NIKKO, Tochigi Prefecture--A railway company has set up Muslim prayer rooms in one of the most popular tourist destinations in Japan.

The rooms opened on April 1 at Tobu Railway Co.’s Tobu Nikko Station in hopes of attracting more Muslim travelers from Southeast Asian countries, such as Malaysia and Indonesia.

“To lure Muslim tourists, it’s vital to prepare prayer rooms and foods that accommodate their needs,” an official of Tokyo-based Food Diversity Co. said.

The company, which is headed by Akihiro Shugo and provides information about Islam, teamed up with Tobu Railway in Nikko to open the first railway station prayer rooms in Tochigi Prefecture.

The two prayer rooms, one for men and one for women, are each 2 meters by 4 meters and are located on the second floor of Tobu Nikko Station

The area was previously used as office space for a Tobu Railway group company.

The prayer rooms are equipped with hot water features that allow Muslims to perform the “wudu” washing ritual before they pray.

A Qibla mark shows the direction toward the Kaaba in Mecca, which Muslims face when they pray on the carpeted floors in the rooms.

The rooms are open every day from 9 a.m. to 4:30 p.m.

A newly established concierge at the ticket window on the first floor of the station manages the prayer rooms.

Tobu Railway also caters to Muslim guests at its group accommodation facilities in the tourist hotspot: Nikko Kanaya Hotel and Chuzenji Kanaya Hotel.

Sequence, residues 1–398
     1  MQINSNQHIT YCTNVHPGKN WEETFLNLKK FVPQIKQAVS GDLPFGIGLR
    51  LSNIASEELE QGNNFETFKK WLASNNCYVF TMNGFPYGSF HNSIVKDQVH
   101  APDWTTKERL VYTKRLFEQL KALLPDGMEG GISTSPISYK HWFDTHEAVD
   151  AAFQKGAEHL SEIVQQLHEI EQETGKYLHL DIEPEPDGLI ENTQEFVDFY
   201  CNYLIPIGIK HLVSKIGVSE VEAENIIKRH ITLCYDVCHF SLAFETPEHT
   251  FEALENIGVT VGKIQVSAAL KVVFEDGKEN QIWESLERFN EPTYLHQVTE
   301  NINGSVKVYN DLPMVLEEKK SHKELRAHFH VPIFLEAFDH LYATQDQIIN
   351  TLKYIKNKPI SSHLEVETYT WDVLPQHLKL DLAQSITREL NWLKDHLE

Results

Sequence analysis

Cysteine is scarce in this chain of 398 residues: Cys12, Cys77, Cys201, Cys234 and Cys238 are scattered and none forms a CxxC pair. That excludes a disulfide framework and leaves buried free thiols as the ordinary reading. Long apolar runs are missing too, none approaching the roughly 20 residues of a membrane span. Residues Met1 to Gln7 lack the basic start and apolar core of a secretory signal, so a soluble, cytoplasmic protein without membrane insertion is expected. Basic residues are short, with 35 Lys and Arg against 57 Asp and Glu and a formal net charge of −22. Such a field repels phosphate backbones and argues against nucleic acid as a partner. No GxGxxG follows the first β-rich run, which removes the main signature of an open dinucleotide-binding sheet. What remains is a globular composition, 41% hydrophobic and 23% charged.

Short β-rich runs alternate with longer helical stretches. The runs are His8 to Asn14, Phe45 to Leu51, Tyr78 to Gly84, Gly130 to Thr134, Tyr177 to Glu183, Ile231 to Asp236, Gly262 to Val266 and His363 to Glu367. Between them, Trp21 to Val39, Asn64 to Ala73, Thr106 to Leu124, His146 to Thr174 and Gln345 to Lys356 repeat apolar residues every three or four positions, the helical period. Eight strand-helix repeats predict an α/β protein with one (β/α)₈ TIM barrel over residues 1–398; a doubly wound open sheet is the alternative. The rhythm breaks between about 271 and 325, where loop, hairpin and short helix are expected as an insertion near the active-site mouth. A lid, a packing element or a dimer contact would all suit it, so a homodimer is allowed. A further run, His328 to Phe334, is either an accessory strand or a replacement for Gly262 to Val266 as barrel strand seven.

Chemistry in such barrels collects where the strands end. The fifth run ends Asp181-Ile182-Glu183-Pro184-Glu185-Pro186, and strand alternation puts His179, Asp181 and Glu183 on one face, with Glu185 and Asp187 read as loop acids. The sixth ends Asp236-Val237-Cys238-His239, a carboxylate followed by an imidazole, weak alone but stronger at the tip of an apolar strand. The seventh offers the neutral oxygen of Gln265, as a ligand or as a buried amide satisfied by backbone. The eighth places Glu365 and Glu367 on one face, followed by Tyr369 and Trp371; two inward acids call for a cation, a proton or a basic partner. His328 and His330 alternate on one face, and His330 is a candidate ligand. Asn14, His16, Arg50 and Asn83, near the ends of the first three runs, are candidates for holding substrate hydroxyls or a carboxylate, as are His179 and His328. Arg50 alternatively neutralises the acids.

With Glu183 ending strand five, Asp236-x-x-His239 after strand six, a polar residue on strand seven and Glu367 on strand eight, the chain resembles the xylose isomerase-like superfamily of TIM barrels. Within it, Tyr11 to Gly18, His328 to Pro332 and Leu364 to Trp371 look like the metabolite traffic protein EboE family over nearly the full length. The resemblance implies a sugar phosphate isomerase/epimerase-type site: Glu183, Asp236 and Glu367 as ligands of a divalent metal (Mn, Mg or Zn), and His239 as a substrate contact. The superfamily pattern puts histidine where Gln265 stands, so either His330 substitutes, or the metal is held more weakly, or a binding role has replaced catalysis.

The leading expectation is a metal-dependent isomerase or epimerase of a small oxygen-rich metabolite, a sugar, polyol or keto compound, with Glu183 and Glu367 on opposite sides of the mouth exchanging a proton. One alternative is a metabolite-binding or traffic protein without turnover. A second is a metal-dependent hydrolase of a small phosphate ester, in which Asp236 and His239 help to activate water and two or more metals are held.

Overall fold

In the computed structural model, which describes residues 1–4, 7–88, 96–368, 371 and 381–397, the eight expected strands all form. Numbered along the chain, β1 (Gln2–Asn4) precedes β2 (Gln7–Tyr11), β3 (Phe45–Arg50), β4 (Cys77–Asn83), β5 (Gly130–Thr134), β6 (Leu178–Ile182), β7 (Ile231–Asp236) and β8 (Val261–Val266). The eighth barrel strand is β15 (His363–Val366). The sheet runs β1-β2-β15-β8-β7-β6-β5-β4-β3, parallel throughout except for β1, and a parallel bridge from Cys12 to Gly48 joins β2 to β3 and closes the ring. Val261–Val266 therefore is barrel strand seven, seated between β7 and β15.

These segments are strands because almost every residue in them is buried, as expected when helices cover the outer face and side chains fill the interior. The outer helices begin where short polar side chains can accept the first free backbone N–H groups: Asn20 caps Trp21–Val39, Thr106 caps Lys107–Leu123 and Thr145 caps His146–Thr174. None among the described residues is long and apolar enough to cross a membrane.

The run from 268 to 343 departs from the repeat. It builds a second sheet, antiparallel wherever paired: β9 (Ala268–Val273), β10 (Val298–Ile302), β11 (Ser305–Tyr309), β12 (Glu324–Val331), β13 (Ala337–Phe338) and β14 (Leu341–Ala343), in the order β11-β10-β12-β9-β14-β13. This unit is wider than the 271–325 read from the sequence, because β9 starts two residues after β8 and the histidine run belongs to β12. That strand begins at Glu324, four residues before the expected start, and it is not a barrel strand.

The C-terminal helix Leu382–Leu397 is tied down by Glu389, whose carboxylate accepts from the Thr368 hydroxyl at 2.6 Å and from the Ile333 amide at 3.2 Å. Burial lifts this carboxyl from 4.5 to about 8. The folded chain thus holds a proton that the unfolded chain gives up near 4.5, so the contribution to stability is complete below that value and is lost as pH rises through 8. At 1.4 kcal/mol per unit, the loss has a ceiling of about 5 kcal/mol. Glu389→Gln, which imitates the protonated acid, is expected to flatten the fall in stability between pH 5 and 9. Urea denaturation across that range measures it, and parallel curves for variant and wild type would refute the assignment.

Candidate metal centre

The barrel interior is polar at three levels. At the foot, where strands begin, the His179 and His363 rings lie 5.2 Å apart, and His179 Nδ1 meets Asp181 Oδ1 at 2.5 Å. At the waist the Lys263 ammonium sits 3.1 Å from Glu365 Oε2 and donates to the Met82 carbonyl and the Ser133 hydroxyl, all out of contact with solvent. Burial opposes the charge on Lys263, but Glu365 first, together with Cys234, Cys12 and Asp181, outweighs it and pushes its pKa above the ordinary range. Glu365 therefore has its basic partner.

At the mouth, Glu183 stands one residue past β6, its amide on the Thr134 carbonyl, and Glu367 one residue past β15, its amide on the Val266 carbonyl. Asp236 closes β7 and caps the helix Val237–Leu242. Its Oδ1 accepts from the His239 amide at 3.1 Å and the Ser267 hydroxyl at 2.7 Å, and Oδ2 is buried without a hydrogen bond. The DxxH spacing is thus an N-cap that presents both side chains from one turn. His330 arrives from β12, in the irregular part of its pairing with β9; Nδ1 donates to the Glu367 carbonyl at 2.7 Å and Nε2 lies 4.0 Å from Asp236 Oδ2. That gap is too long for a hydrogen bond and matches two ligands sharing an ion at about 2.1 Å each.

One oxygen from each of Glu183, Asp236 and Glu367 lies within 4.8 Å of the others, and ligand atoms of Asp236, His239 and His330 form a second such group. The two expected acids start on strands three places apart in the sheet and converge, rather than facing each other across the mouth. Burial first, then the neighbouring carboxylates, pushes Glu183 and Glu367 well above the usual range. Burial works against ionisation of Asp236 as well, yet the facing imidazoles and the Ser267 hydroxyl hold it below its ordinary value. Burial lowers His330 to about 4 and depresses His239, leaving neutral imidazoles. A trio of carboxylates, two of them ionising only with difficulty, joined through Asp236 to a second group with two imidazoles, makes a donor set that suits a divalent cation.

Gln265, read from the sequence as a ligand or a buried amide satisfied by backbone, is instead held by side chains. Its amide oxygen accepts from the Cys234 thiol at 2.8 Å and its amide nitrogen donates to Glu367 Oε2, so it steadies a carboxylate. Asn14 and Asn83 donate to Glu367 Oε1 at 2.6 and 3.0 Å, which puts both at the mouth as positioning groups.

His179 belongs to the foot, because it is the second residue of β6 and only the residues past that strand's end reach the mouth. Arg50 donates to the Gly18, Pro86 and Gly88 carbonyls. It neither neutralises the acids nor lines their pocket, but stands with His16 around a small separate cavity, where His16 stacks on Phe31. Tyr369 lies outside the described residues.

The hotels offer breakfast and dinner menus that do not contain pork or alcohol, items forbidden in Muslim diets. Reservations for the Muslim dishes must be made at least five days in advance.

The company has also issued tourist maps and upgraded its website to help travelers easily find Muslim-friendly places. The list includes 15 restaurants and accommodation facilities that provide menus for Muslims as well as venues that house prayer rooms.

One of them is the Tobu World Square, a theme park famed for its 102 architectural “bigatures” on a scale of 1:25. It opened a prayer room equipped with wudu facilities in December 2015.

According to the Japan National Tourism Organization and other sources, a record 28.69 million foreign nationals visited Japan in 2017, up 19.3 percent from the previous year.

The number of visitors from predominantly Muslim countries, including those in Southeast Asia, has sharply increased.

About 350,000 Indonesians, up 30 percent from 2016, and about 440,000 Malaysians, up 11.5 percent, visited Japan last year.